Emergence of novel intentional gestures in baboons and early language-like brain specialization: Implications for the gestural origins of language

Adrien Meguerditchian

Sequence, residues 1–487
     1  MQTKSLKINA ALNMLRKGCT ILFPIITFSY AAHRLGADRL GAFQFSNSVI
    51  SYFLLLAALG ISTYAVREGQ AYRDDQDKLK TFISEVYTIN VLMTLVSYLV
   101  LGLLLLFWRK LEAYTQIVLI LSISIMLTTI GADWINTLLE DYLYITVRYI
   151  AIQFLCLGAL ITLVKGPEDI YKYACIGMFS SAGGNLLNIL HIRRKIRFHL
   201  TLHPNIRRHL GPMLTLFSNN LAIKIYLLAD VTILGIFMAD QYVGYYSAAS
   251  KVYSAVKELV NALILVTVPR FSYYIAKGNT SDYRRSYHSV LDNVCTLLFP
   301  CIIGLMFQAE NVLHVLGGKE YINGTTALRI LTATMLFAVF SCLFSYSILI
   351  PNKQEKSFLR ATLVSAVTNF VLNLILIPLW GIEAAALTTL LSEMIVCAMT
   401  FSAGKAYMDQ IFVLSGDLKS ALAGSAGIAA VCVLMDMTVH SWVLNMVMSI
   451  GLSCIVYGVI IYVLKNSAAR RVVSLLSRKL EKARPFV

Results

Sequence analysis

Comparative studies between human and nonhuman primates concerning communicative behaviors and its brain specialization know a renewed interest regarding the evolution of language. In the present communication, I will first report the elaboration of novel gestures in the repertoire of some individuals in olive baboons Papio anubis housed in at the Station de Primatologie CNRS in France (such as « clapping », « cage bagging » and « food presenting ») that have never been observed in other conspecifics. Second, I will focus particularly on “Food presenting” gesture which has been described in one single female. Her behavior consists of trying to redirect the attention of the offspring toward an external object (i.e. food) by engaging mutual gaze when agitating manually the object toward the offspring’s face. From the observations of these mother-infant interactions across 4 births from 2009 to 2015 as well as video coding of 11 gestures sequences, I will show that this behavior (1) occurred toward every offspring and finally stopped when were able to feed themselves; (2) fit all criteria of intentional communication and joint attention, namely recipient-directed, mutual gaze, signal persistence including systematic mother’s readjustments (moves, posture, head, gaze and manual gesture orientations) for maintaining both mutual gaze and the “food presenting” gesture’s orientation toward the offspring’s face when the offspring moves away. Finally, thanks to anatomical in vivo cerebral images collected by MRI in 100 adults and 34 new-born baboons, I will show communicative gesturing in baboons might be related to early language-homolog brain asymmetry. I will discuss the theoretical implications of those collective finding regarding evolution of social cognition, declarative communication, language and its brain specialization.

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